It’s time to take stock of where Ground Control Parenting has been and where it is going–with your help.
In 2011 I started writing GCP to support and inspire parents raising boys of color. Over the past 7 years I’ve been posting practical information on what works (and what doesn’t) to encourage and inspire our boys to do their best. When many parents told me that the tips and advice were helpful for their girls as well, I broadened the scope to include all children of color, but we have not lost the focus on our boys.
GCP has always had a second, equally important mission: to help parents focus on and improve our parenting skills. As I said in my introduction to the website back in 2011:
Parenting is such a demanding job and our skills for this life-long position tend to be
developed on-the-job, as needed. Many of us raise our children as we were raised (if we had good
childhoods) or away from the way we were raised (if we didn’t), following our instincts and
crossing our fingers along the way. A more focused, conscious approach is needed
to best help our boys navigate their lives through their formative years.
So the goal is conscious and focused parenting to do the best you can for your children. We need to be both confident and vulnerable in our parenting approach. But how do we do this?
Let’s focus on the confidence part. Confidence comes from gathering information and using it to help us make parenting decisions. We just can’t intuit a lot of this stuff. Our sons and daughters are growing up in a world which includes so many new and complicated variables. New technology, social media, and a rapidly changing political landscape complete with freedoms we could not have imagined and restrictions that we thought we’d escaped. It can feel so much more challenging than the world we grew up in, and there are so many instances where we just can’t reflect on our own upbringing for answers.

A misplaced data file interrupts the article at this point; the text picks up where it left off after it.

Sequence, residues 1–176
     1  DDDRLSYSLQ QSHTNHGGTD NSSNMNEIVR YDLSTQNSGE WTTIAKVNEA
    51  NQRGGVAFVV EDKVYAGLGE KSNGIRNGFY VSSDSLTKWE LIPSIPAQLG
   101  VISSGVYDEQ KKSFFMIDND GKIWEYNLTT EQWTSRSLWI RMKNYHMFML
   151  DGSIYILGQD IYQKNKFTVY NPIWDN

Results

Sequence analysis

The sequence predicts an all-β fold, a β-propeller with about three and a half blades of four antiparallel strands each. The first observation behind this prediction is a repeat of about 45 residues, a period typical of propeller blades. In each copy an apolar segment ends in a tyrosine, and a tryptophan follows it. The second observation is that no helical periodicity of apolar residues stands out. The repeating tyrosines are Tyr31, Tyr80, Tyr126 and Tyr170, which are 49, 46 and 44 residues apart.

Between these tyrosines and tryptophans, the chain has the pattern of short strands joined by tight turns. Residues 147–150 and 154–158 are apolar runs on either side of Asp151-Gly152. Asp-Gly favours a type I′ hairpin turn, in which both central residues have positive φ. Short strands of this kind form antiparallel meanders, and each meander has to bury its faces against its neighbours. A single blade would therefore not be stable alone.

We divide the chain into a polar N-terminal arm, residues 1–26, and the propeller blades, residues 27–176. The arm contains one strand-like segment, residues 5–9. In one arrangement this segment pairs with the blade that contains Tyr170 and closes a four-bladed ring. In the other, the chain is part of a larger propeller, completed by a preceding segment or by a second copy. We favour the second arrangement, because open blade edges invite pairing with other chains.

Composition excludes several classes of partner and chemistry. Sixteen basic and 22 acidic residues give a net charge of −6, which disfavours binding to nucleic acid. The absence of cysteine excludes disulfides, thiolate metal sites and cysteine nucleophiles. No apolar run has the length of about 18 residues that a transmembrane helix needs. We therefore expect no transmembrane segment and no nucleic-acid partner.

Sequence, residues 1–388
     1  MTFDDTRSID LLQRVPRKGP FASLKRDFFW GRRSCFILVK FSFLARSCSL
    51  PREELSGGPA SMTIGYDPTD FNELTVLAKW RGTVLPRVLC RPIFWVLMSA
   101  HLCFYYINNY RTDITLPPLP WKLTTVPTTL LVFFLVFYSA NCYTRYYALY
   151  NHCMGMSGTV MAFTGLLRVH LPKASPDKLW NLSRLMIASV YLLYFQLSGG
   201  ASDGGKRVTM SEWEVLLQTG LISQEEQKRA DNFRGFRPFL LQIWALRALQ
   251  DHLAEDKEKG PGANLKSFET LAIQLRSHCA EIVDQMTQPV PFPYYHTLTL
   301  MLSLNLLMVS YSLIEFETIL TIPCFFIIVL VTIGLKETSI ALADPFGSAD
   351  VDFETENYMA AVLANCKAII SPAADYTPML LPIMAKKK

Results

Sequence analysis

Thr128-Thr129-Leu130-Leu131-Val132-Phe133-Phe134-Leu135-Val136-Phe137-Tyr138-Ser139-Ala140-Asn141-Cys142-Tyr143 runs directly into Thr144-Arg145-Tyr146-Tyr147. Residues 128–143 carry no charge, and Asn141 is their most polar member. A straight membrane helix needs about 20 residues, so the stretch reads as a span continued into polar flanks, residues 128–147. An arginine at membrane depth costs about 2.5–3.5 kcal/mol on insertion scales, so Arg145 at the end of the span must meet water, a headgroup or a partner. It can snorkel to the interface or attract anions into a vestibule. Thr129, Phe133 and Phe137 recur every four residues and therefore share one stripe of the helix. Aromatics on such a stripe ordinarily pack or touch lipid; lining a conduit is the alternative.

We need to seek help from the resources around us and hear from people who know more about these issues than we do. This is what builds parenting confidence; knowing that you’ve thought about the issues and consciously arrived at a sound approach.
But how do we find these resources? I’ve tapped into many of them in blog posts over the years. But there needs to be a more concerted effort to gather them in an easily readable book, and now I’m making that effort.
I’ve developed a series of probing questions about best practices for raising our children of color and am asking teams of experts to weigh in and give us tips. For example: How can we best ensure our young children are ready to learn? A group of educators who are expressly focused on achievement among children of color have some good answers. What must our sons and daughters need to know and do if they are stopped by the police? A panel of top law enforcement agents and legal experts give us this critical guidance. What are the top books and websites we need to know so our children grow up knowing our history and culture? Let’s ask a group that includes noted historians and esteemed museum directors. What are the most important things we should know about our children and technology? A group of scholars and tech executives give us their best thinking.
I want to make this parenting advice manual user friendly and easy to read. No one has time to read volumes when we really are just looking for answers. This has been a passion project of mine for several years, but this summer and beyond I am focused on getting it done. I’ll still be writing for the blog (and a redesign is coming soon). In fact, some of the written and video material from my interviews of the experts will be included in future blog posts.
So that is my plan, but here is the key question for you all: Is this a book that you can use and would want to read? I have found that hearing perspectives and opinions from people in the know has done wonders for my parenting confidence. I can imagine a network of parents of color across the country who would like to have access to this information. But what do you think? Would you find it helpful? Are there any questions that you would love to hear experts discuss? You can either respond in the comments, or send me an email at firstname.lastname@example.org. I would REALLY appreciate hearing from you!!!
Thanks, Carol Sutton Lewis